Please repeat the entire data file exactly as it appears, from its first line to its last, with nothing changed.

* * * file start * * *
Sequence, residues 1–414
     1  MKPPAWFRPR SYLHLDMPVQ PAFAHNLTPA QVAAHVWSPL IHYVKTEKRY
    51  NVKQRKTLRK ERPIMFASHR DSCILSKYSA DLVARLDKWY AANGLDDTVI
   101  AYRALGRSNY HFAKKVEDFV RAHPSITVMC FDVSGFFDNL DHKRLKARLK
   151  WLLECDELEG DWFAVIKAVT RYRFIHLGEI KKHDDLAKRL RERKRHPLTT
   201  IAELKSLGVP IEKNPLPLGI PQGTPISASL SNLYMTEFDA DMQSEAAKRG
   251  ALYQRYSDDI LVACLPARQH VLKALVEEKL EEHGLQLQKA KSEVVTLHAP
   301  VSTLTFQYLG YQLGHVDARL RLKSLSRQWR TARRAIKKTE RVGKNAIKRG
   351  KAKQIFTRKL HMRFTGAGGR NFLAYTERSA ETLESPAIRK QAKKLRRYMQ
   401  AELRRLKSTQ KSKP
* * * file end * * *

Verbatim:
Sequence, residues 1–414
     1  MKPPAWFRPR SYLHLDMPVQ PAFAHNLTPA QVAAHVWSPL IHYVKTEKRY
    51  NVKQRKTLRK ERPIMFASHR DSCILSKYSA DLVARLDKWY AANGLDDTVI
   101  AYRALGRSNY HFAKKVEDFV RAHPSITVMC FDVSGFFDNL DHKRLKARLK
   151  WLLECDELEG DWFAVIKAVT RYRFIHLGEI KKHDDLAKRL RERKRHPLTT
   201  IAELKSLGVP IEKNPLPLGI PQGTPISASL SNLYMTEFDA DMQSEAAKRG
   251  ALYQRYSDDI LVACLPARQH VLKALVEEKL EEHGLQLQKA KSEVVTLHAP
   301  VSTLTFQYLG YQLGHVDARL RLKSLSRQWR TARRAIKKTE RVGKNAIKRG
   351  KAKQIFTRKL HMRFTGAGGR NFLAYTERSA ETLESPAIRK QAKKLRRYMQ
   401  AELRRLKSTQ KSKP